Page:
Somewhere—perhaps in the deepest, distant reaches of places no one else wants to go—is an isolation so spectacularly alone and so excruciatingly desolate it makes me sob in reverence. I have seen such a place, but only in passing. I saw it from the window as the train on which I was traveling slogged through the emptiness of North Dakota and Montana. I saw it in the parched landscape fifty miles west of Socorro, New Mexico. I’ve seen it in precious few other places. Far from humankind’s intrusions and close to the raw reality that’s left after Time wears away what once held a different kind of magnificence.
The desolation and sensation of being utterly alone require more than untouched landscape and endless sky. If those attributes were the only ones necessary, the deserts of Nevada would be among those rare places. That incredible isolation would exist in Big Bend National Park or the desert west of Odessa, Texas. There would be dozens of such places, if empty landscapes and open skies, alone, could call forth that emotion of reverential awe.
There’s something else, though—something absolutely impossible to describe or define— that makes a place so uniquely alone and desolate that it simultaneously feel like both Heaven and Hell. Even to a person who believes in neither. It’s odd that so few places have felt to me like I was on the far fringes of experience. Almost on the edge; and willing and prepared to go over, just to see beyond. Even if there is no turning back; no way to return.
Maybe, though, it’s not so much a place that translates the wisdom of supreme aloneness into a willingness to step off the edge of experience. Maybe it’s the context of that place. The surroundings of that experience. But I’ve already said it…it’s impossible to describe or define just what makes ecstasy and torture not only attractive but essential.
Maybe the hunger for solitude and togetherness contradicts itself, but perhaps those two desires owe their origins to the same fundamental human need. And maybe that need manifests itself best in places in which one of those desires is supremely felt. Maybe that’s why I am so deeply in love with the idea of being the only passenger on a train slipping through miles and miles and miles of grain fields; with not even a telephone line or pole to break the monotony. As I watch the repeating patterns of grain, I imagine being with that one person who is my opposite on matters in which I need balance and my emotional mirror on matters in which I need solace.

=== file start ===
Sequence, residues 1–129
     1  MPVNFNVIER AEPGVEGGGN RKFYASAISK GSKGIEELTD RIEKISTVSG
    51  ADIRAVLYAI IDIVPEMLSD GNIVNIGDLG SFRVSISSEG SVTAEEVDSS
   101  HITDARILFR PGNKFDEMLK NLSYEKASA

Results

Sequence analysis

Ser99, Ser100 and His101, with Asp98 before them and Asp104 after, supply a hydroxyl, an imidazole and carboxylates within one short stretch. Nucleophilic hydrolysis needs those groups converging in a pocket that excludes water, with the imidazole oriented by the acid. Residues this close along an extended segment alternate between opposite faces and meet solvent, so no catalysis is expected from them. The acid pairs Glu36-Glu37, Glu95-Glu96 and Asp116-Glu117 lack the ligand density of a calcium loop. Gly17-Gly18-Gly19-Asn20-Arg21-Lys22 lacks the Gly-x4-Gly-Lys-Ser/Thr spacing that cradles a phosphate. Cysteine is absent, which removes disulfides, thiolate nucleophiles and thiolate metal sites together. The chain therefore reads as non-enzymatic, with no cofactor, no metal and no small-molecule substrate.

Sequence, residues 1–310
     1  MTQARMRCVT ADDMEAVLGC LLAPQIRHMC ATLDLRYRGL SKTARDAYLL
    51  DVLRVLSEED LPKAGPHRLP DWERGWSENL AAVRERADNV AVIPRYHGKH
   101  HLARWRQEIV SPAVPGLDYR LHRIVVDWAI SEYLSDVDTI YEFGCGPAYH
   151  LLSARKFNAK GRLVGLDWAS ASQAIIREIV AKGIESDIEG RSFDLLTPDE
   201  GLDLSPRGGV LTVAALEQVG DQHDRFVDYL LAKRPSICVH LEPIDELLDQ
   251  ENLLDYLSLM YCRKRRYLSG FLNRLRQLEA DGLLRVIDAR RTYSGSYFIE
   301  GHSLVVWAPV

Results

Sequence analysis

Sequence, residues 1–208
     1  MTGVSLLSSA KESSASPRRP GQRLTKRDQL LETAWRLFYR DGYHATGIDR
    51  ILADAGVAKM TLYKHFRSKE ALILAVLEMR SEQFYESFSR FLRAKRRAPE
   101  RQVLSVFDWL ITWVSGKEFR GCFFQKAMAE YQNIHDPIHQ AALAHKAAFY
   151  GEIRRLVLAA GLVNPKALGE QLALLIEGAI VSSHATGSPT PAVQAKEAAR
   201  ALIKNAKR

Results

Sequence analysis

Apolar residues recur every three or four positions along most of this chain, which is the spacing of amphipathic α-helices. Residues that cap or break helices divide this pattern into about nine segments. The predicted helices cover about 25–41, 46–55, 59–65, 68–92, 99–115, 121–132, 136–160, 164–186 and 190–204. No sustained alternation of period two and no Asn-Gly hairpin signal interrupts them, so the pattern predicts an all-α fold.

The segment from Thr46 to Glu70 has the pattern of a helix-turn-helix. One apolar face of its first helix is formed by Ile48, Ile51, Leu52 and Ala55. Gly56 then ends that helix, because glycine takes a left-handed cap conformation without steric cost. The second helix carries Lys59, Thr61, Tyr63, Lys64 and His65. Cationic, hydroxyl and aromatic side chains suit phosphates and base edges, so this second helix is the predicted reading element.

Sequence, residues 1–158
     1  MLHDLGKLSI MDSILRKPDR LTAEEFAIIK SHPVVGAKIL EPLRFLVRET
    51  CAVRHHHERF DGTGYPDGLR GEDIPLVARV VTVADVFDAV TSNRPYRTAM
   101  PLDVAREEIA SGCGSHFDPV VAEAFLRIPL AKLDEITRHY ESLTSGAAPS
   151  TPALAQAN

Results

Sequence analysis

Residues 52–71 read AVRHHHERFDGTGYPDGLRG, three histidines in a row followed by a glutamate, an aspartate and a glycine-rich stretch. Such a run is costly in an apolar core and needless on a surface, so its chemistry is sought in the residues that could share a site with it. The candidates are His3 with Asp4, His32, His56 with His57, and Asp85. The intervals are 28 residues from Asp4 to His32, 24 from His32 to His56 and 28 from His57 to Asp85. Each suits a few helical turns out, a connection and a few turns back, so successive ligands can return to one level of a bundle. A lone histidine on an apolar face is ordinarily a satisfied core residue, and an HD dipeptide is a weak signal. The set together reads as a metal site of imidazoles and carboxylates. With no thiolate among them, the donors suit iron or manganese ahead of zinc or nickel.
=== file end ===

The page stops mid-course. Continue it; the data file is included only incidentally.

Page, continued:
“I need.” That’s the problem. It should be “I can.” As in I can provide the balance and the solace to that one person who is my opposite and my mirror. But, still, there’s the matter of the isolation so spectacularly alone and so excruciatingly desolate it elicits reverential sobs.
Where is the right place? Where is the balance and the mirror? And for whom should they stabilize and reflect?
All of these questions and these observations fly in the face of what I have been trying to learn my entire life. Especially now. Because, now is all we have. Yesterday, I listened to a practitioner of Zen Buddhism explain his approach to the world, which involves cultivating a “don’t know” mind. That is, acknowledging that we know nothing about what will be, because we haven’t experienced it yet. And we don’t know much else. But I know there is that place where there exists an isolation so spectacularly alone and so excruciatingly desolate it makes me sob in reverence. Yet I don’t know where, precisely, it is or how to get there. But I’m beginning to understand, as I mull this over on this early Monday morning, that “there” is in my mind. As is everything else. I am beginning to understand the power of acknowledging that I don’t know. I don’t know. I simply don’t know.
A close friend sent me links to some articles written by yesterday’s practitioner of Zen Buddhism. One of them, a deeply personal revelation about his response to circumstances surrounding his father’s and his son’s cancer and the effects of those experiences on his own thinking, caused me to think more deeply. And the more I thought, the more I came to the realization that I don’t know. And acknowledging that I don’t know has the potential of bringing about the end of that fruitless search for that elusive serenity about which I write so often. Or, if not end of the search for serenity, at least the realization that I don’t know whether that’s what I’m after.
I am not alone in my quest for whatever I’m after. Knowing there are others doing precisely what I have done is reassuring. But it is depressing because, if isolation and the serenity it brings is really what I’m after, then joining the company of others who are in the same boat will run counter to what I am seeking. Catch-22. I wonder whether Joseph Heller was secretly as Zen Buddhist whose method of explaining and then accepting the disappointments in life was documented in his best-selling book.
My thoughts seem to be like a tightly-wound spring that suddenly comes unwound, then slowly winds again. They (my thoughts) serve no function, other than to provide a backdrop against which a tightly-wound spring can be examined.